A fight is brewing on the D.C. Council over whether disabled drivers should have to pay for parking on crowded city streets.
D.C. Councilwoman Muriel Bowser, D-Ward 4, plans to introduce a bill Tuesday that would effectively end the city's new red-top meter program, which reserves nearly one of every 10 of the city's on-street parking spaces for disabled people, costs as much as regular meters but allows twice as much time.
Drivers with handicap plates or placards used to park for free at any of the city's metered spaces.
But the city started charging handicapped drivers to curb the use of fraudulent placards and is now installing red-top meters to accommodate the disabled.
According to a draft obtained by The Washington Examiner, Bowser's bill would allow disabled drivers once again to park for free in any spot, making the new red-top meters useless and ending the program before it's even fully operational.
"My residents have expressed some worry about how the new policy will be implemented, where it came from, and why they weren't involved in its development," Bowser said. "I share those concerns and want to make sure that the policy is delayed at least until those concerns are addressed."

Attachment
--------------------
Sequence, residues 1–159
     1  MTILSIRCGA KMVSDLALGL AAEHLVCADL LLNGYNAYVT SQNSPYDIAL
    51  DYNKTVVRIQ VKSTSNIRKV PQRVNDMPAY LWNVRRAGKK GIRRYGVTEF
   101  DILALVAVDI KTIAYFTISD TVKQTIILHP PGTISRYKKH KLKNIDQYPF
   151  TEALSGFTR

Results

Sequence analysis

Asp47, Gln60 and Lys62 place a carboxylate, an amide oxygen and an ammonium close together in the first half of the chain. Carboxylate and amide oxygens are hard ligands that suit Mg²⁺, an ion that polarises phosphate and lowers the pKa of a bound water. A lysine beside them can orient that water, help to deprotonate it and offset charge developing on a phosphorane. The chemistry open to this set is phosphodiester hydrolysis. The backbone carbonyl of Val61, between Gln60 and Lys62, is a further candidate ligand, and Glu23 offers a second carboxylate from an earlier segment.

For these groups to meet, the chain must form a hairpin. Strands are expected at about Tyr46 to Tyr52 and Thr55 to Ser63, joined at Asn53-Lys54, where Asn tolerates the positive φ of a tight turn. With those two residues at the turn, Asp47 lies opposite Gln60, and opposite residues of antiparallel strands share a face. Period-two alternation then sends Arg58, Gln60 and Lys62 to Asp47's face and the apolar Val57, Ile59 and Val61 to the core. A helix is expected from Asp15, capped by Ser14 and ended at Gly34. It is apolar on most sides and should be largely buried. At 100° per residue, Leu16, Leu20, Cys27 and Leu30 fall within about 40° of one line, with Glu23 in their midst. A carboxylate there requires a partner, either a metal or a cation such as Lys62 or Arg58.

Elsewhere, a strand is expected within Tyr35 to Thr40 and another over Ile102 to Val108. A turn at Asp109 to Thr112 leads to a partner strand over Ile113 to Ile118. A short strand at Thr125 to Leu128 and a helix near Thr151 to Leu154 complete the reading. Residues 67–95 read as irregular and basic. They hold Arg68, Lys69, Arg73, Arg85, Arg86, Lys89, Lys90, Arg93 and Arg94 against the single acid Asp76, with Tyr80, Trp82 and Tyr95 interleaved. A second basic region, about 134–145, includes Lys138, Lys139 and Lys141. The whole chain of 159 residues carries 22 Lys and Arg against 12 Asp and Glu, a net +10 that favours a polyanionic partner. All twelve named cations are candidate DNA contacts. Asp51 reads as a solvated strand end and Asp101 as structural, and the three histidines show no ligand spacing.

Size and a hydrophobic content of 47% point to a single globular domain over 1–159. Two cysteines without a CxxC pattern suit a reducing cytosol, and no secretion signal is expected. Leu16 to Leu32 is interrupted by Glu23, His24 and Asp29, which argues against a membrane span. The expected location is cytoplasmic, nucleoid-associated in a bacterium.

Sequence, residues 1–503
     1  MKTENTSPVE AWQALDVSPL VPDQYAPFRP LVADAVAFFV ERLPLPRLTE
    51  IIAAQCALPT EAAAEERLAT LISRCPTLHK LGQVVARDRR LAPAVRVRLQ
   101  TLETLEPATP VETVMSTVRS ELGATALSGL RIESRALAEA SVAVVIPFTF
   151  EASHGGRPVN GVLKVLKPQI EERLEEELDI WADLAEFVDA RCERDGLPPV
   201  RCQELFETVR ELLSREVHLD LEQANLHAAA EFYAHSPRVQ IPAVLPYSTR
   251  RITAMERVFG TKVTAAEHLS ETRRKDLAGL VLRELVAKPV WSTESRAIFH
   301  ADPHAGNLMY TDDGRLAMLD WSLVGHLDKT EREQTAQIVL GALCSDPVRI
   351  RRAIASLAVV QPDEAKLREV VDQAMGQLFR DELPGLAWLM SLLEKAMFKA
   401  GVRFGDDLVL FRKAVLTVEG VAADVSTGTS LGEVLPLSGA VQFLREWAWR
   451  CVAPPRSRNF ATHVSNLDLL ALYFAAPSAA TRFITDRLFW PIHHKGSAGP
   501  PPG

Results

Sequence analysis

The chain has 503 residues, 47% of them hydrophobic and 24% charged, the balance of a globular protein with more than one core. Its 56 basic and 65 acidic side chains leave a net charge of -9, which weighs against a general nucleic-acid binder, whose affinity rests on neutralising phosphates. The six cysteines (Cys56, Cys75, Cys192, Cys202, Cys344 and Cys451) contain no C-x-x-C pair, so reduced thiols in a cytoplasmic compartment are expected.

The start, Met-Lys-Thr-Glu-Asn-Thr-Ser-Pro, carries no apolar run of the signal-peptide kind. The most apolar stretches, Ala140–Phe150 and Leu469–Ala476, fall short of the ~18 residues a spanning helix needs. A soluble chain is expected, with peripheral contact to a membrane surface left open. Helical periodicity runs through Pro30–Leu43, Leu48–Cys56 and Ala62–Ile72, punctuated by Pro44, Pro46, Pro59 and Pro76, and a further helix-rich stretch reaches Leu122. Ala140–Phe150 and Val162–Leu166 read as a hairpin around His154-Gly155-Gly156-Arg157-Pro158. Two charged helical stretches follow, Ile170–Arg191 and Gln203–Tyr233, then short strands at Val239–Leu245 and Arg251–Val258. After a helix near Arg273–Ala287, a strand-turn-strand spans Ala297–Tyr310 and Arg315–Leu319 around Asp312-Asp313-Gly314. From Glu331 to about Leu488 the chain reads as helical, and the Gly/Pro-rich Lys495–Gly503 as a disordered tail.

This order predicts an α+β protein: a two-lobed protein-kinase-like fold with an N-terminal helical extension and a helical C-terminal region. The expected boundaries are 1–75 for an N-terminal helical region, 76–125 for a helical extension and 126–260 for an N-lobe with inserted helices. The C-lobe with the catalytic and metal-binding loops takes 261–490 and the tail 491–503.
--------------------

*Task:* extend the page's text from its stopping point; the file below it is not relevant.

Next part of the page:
The District Department of Transportation rolled out the red-top program after hearing complaints about people who were not disabled but using handicap placards to get free, unlimited parking. DDOT has accelerated installation of the red-top meters and expects 1,500 installed by mid-April.
Councilmember Mary Cheh, D-Ward 3, chairwoman of the council's transportation committee, is also a vocal critic of the red-top meters.
"I said to them, 'What the hell are you doing?' " she told The Washington Examiner. "They seem to have done everything backwards. ... There hasn't been any sort of public vetting of this in a material way."
Cheh said DDOT assured her it would not ticket cars with handicap placards if they're at an expired meter in a regular parking space until the end of May, a delay from the April 17 start date.
Still, Cheh doesn't support Bowser's emergency bill, saying it could significantly reduce D.C.'s parking revenue.
"We have never officially advertised openly that people could come into D.C. with a disabled placard from any jurisdiction and park all day long wherever they want. And by passing this [bill], we're saying that," she said.